The first CO2-negative data centre in the world was opened on the High Tech Campus in Eindhoven (NL) this summer. KPN, major telecom company in the Netherlands and the owner of the data centre, had the building designed entirely according to cradle-to-cradle principles. Not only was the possibility of reducing CO2 emissions looked out, but endeavours were also made to make all parts of the building recyclable at the end of their lifespan. It was partly for this reason that the decision was taken to use SAB steel profiled cladding.
For cradle-to-cradle (C2C), the recyclability of the materials and parts used in the building is of paramount importance at the end of their lifespan, as is the recyclability of the building itself. For example the height of the ceilings in the data centre was over-dimensioned to make another user function possible at the end of its lifespan.
Disassembly and reuse were also key issues when choosing the building materials. That was why a lot of steel was used in the building, as this material can be easily disassembled and recycled. At the same time, this metal complements the high-tech look of Brainport Eindhoven.
The steel façade in two matt and shiny colours and the use of expressive colour accents makes the building look both chic and restrained. To get this effect, special SAB cladding was used: double-pointed SAB-Diamond® 40/440 cladding and gunwale SAB-PD 22/500 (rabat) cladding. The colours used were Colorcoat Prisma® Orion for the shiny metallic colour and Anthracite to get the matt look. The façade profiles were mounted on SAB B110/600 liner trays in a grey-white Colorcoat Interiorcoating RAL 9002. The assembly work was all performed by Derckx BV from Weert (NL). The entire project from design to tendering and realisation was performed in just 6 months.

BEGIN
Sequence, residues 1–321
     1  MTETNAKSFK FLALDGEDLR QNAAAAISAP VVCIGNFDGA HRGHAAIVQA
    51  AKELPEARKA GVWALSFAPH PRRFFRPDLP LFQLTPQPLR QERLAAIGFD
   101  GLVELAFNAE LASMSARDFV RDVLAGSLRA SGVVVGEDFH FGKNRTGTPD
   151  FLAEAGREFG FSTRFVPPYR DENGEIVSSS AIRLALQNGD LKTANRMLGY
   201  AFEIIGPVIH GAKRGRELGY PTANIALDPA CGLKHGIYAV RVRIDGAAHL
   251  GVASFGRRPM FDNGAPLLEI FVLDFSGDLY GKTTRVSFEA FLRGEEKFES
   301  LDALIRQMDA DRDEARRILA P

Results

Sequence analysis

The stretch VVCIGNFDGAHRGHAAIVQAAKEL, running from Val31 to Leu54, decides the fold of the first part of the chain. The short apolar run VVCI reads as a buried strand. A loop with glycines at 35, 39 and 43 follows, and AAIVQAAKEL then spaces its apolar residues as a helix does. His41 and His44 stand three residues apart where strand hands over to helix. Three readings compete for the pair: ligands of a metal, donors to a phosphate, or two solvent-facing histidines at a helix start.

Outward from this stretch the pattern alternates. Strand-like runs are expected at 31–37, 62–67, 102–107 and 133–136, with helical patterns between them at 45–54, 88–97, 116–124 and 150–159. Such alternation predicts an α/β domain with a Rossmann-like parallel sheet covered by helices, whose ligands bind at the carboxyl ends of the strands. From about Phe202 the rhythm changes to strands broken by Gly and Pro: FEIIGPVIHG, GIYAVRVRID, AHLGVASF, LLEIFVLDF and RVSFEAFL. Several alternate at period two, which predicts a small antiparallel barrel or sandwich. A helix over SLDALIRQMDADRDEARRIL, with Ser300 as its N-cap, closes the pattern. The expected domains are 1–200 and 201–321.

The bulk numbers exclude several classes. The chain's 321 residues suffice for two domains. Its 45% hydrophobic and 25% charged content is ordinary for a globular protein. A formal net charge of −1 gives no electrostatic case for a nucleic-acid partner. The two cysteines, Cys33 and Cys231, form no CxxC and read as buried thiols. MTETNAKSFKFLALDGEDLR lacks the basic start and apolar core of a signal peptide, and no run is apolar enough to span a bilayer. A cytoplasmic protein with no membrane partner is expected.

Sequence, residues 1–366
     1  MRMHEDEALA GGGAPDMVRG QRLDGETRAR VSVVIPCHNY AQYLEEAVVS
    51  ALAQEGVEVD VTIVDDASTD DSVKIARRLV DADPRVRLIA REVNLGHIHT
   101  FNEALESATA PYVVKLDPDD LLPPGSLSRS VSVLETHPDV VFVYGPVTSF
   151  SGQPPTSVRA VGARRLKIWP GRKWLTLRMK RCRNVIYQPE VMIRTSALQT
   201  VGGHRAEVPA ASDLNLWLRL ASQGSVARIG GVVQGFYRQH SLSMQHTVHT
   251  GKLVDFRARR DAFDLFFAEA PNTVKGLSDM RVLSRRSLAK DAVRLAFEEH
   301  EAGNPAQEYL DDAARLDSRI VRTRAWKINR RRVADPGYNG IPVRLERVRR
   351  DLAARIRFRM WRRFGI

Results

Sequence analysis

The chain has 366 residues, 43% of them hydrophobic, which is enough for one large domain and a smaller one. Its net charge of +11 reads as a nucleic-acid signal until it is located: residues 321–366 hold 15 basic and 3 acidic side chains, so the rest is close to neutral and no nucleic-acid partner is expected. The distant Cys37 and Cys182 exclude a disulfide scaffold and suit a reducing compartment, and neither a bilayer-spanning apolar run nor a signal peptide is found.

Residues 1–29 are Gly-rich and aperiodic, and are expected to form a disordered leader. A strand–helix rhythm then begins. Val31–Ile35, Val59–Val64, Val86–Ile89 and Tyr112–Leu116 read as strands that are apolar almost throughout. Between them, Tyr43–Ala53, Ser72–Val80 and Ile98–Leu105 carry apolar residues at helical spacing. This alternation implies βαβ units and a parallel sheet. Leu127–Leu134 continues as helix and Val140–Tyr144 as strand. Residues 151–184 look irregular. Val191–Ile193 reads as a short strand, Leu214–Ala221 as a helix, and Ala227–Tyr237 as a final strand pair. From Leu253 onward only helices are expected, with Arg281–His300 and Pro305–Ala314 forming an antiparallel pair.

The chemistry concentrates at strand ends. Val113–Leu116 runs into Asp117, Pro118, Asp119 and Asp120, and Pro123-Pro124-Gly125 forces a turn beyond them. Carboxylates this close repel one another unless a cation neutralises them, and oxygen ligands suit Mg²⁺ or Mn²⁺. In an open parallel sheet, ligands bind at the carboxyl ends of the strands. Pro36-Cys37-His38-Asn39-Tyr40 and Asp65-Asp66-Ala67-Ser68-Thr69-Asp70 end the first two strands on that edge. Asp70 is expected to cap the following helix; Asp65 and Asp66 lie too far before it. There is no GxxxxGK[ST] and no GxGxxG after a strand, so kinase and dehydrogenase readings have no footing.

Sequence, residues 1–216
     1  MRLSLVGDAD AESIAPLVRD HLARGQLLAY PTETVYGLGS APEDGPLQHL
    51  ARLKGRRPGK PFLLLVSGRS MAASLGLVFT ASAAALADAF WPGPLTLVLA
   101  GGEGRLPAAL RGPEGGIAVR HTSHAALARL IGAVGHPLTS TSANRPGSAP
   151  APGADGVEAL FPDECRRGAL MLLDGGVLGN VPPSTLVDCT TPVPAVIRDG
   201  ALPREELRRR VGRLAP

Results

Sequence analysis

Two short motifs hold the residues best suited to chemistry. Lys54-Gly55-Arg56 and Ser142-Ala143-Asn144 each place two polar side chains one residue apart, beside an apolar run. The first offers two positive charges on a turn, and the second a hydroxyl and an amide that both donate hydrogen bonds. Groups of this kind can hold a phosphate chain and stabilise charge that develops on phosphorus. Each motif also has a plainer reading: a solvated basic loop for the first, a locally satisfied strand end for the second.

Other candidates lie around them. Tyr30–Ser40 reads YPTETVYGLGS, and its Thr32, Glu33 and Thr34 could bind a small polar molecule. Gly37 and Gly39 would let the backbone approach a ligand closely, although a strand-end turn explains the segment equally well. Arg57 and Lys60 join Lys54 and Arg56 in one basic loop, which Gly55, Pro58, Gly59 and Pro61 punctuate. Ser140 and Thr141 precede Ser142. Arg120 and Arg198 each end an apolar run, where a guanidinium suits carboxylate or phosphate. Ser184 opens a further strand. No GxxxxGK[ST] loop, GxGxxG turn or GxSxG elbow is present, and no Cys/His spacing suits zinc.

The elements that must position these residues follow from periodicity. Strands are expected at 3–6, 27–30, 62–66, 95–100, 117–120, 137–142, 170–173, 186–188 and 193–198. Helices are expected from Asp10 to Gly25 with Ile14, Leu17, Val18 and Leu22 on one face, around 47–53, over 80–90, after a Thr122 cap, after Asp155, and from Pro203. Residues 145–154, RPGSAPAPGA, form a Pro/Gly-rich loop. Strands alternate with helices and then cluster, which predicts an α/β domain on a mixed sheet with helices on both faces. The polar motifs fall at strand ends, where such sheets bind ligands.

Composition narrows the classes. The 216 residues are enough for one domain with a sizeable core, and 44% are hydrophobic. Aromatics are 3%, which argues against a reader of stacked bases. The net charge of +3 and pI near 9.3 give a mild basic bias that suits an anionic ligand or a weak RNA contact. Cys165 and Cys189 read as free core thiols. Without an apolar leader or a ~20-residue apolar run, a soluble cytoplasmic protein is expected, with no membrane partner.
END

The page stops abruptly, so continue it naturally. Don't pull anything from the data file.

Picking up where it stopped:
The building achieves negative CO2 emissions with one hundred percent sustainable wind energy from the Netherlands and a connection to the heat ring of High Tech Campus in Eindhoven. The heat ring facilitates the exchange of heat and cold through various buildings on the campus, with the possibility of thermal energy storage in the ground. The heat that is released during data storage is recycled and used to heat other buildings. All these design choices resulted in a CO2-negative data centre. The building received Tier IV certification from the Uptime Institute, which is quite an achievement.